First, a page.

Little black ants get their name from their small size and shiny dark brown to jet black color. Adult ants are 1/16 of an inch long while queens are twice that size at ⅛ inch in length. Their antennae are 12-segmented with a three-segmented club. Little black ants have two nodes and a small weak stinger.
This ant is native to North America and found in the northeastern U.S. to the Pacific Coast and south to Mexico. It is a common structural pest in the south-central U.S. from West Tennessee to Central Texas.
Little Black Ant Life Stages
Little black ant colonies may contain several queens and be heavily populated. The reproduction cycle of this species is between the queens and the winged male called a “drone.” Little black ants undergo complete metamorphosis, passing through a sequence of four stages: egg, larva, pupa and adult.
Colonies consist almost exclusively of workers and brood (eggs, larvae and pupae) during most of the year, but winged males and females are produced during the summer months. Mating occurs in flight with a queen and one winged male. After the mating ritual, the queen falls to the ground and seeks out a location for a new nest.
Threats of Little Black Ants
Although little black ants possess a stinger, it is often too small to do any damage. Indoor colonies may nest in the voids of walls and cabinets, as well as within and behind foundations and brick or stone veneer. Little black ants are omnivorous and resourceful at finding food. They feed on insects, sweets, bread, grease, bird feces and have been known to eliminate small red imported fire ant colonies.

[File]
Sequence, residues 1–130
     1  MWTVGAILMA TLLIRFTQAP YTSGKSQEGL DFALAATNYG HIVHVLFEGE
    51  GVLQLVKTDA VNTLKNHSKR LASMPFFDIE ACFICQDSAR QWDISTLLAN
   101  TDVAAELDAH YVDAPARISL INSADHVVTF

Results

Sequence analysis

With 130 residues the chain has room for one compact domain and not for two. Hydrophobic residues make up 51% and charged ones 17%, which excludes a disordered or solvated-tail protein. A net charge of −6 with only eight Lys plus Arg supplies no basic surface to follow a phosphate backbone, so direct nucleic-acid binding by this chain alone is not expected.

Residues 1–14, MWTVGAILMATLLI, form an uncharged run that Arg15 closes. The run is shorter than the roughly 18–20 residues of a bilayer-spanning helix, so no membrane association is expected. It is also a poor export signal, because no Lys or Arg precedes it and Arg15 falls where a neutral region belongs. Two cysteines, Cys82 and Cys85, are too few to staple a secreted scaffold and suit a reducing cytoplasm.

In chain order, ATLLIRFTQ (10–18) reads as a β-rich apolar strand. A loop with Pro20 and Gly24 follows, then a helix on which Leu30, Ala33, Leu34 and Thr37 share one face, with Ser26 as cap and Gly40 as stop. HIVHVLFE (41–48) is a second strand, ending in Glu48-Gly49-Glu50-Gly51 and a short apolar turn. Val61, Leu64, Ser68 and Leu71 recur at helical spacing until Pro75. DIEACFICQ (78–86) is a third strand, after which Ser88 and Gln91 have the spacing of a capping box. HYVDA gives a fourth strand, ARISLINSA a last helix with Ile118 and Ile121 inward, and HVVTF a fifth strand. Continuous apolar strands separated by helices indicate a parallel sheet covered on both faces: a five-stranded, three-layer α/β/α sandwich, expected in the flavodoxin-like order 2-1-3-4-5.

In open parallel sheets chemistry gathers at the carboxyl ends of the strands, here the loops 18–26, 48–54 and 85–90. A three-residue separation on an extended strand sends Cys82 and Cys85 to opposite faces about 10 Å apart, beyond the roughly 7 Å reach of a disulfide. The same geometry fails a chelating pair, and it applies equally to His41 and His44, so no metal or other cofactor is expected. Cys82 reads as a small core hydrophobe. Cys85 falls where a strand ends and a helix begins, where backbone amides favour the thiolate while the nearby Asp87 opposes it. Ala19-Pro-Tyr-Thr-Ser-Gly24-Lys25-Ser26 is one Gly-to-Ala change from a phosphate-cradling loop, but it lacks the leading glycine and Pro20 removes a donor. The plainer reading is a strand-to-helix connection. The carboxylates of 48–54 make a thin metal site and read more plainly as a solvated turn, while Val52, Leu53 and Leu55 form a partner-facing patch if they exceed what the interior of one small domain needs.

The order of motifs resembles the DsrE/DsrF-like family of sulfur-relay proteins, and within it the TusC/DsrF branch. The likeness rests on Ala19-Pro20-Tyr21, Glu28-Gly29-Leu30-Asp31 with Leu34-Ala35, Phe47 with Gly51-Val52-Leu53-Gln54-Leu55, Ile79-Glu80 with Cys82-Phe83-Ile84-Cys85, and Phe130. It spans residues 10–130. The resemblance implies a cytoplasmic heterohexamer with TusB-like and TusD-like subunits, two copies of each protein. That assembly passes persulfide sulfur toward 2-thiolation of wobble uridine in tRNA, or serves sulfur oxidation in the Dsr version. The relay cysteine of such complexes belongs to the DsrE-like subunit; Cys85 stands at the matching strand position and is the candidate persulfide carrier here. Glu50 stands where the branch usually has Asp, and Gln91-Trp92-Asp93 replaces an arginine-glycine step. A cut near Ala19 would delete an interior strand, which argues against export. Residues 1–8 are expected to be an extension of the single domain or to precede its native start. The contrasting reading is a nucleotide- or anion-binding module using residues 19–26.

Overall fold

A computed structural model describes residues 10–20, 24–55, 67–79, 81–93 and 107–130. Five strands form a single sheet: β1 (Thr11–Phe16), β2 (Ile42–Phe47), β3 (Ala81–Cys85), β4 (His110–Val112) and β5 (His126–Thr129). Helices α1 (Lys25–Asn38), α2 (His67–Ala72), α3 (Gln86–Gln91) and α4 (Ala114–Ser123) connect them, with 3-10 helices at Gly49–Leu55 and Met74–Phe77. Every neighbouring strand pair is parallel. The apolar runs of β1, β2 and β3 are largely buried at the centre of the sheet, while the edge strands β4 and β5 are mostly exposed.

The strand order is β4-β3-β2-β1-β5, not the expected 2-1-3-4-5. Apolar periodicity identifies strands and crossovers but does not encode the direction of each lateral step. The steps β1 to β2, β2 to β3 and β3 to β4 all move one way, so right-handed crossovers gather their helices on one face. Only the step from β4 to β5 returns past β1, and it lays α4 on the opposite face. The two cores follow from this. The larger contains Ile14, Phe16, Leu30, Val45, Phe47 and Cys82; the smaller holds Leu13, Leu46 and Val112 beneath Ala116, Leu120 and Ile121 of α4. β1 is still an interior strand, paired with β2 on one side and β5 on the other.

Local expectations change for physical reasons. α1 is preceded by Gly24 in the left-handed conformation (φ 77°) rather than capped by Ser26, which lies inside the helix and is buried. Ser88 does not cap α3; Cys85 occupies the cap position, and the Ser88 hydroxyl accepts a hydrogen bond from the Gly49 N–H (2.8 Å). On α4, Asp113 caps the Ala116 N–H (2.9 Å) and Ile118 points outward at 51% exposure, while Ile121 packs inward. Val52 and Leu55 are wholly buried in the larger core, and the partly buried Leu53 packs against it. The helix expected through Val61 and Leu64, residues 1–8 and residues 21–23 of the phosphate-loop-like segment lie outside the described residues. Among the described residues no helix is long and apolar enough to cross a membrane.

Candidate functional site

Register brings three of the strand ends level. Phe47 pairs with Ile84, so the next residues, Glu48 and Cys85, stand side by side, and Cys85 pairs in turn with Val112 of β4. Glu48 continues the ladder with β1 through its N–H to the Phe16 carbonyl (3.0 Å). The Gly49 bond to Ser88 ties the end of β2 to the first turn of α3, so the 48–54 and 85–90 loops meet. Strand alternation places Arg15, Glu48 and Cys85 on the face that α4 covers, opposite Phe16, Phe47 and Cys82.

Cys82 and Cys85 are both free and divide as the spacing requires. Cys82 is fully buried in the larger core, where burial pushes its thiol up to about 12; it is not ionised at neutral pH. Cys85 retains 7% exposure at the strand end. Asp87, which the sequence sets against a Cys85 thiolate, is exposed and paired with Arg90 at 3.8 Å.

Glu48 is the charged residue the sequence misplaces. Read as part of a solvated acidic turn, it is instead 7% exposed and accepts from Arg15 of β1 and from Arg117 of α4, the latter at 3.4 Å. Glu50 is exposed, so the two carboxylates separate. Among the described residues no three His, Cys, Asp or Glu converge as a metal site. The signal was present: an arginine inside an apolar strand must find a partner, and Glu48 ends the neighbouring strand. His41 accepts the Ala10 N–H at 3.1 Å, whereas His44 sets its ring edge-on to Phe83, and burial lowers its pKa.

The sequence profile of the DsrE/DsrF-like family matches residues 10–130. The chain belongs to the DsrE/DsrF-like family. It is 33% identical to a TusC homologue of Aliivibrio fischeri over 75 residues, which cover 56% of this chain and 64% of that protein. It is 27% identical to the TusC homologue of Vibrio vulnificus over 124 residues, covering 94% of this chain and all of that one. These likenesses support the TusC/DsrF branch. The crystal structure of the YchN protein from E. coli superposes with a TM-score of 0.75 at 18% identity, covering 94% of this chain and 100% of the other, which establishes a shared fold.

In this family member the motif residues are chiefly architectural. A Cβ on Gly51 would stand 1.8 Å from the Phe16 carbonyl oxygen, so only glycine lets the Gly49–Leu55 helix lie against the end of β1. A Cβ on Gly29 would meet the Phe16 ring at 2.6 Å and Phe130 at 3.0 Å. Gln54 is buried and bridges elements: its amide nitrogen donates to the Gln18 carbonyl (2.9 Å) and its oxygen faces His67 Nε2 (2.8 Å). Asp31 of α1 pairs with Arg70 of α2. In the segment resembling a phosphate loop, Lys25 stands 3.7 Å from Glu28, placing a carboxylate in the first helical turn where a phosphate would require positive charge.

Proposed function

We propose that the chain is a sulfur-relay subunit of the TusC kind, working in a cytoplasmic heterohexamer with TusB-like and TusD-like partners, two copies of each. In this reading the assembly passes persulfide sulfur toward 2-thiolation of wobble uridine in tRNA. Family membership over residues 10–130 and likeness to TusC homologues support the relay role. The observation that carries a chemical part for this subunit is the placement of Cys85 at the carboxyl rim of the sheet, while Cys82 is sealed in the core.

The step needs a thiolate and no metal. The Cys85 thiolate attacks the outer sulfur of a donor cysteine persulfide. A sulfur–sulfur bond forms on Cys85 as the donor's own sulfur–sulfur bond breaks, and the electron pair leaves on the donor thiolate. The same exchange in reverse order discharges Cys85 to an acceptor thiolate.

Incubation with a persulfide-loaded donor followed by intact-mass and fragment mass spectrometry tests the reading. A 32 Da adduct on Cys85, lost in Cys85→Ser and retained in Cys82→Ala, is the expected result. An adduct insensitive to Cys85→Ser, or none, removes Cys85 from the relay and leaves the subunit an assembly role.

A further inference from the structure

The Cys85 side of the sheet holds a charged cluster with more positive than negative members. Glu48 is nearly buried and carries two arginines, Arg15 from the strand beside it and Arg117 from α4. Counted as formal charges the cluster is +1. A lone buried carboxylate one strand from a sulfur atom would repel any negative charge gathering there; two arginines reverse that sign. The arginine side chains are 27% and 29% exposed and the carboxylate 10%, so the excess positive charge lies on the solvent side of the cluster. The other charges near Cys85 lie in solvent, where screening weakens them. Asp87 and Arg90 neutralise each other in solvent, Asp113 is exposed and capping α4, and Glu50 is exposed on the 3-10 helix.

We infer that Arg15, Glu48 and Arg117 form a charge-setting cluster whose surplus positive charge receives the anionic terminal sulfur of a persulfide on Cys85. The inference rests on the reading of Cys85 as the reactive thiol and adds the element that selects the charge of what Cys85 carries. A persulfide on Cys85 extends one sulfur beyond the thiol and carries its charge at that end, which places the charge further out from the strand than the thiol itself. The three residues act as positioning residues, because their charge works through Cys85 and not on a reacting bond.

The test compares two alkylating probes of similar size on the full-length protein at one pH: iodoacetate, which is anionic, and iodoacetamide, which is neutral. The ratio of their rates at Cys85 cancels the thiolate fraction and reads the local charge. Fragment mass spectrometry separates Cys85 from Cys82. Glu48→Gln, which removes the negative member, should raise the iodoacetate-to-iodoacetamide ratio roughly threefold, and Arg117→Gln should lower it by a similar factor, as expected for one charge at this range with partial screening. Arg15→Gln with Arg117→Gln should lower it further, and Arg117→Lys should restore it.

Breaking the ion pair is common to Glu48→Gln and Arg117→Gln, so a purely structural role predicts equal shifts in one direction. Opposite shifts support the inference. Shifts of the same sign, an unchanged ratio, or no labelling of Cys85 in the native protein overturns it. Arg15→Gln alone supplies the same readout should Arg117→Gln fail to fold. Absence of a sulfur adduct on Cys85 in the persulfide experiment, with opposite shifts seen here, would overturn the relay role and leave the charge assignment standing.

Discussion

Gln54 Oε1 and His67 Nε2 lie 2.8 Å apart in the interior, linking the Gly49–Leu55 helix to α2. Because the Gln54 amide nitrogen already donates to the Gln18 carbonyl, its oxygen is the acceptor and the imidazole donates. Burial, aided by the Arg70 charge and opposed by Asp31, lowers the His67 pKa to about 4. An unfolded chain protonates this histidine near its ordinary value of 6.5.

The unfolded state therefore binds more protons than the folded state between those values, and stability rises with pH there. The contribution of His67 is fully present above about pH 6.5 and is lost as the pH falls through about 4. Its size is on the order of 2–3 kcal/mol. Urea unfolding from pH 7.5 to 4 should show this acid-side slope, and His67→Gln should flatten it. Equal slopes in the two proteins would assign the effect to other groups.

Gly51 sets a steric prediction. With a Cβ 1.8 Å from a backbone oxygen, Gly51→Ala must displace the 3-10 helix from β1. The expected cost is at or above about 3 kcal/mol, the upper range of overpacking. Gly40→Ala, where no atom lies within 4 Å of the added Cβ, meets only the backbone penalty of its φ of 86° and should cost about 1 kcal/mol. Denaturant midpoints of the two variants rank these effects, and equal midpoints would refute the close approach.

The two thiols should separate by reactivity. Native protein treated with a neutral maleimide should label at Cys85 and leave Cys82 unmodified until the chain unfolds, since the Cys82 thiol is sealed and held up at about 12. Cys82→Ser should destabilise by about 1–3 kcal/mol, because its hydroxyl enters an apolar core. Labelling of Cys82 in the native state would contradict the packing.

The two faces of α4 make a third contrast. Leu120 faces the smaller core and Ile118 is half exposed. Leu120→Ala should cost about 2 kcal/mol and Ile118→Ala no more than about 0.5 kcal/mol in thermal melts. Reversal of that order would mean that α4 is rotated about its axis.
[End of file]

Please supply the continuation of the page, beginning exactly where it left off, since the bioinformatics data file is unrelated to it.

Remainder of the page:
Little Black Ant Extermination & Control
Little black ant infestations are not typically the result of indoor colonies. Usually the ants are nesting outdoors and coming into the home or structure to forage for food. Little black ants are persistent pests and can be tricky to eradicate. Follow these treatment methods and prevention tips to avoid an infestation in your home:
- Pick up rocks, debris and lumber around the home to eliminate nesting sites.
- Store firewood at least 20 feet away from the home.
- Seal cracks and crevices in foundation with a silicone-based caulk.
- Keep shrubbery and tree branches well trimmed and away from the home.
- Clean up food sources such as sugary spills, grease splatter, and crumbs.
- Spray blue window cleaner on trailing ants on kitchen counters, bathrooms and walls and wipe up with paper towels.
- Treat ant trails with peppermint oil, vinegar, cinnamon or baking soda. Ants don’t like the scent and will go out of their way to avoid contact.
- Ants love pet food. Pick up pet bowls after feeding and clean area.
- Reduce moisture and standing water around your home.
- Store food in airtight containers and keep ripe fruit in the refrigerator.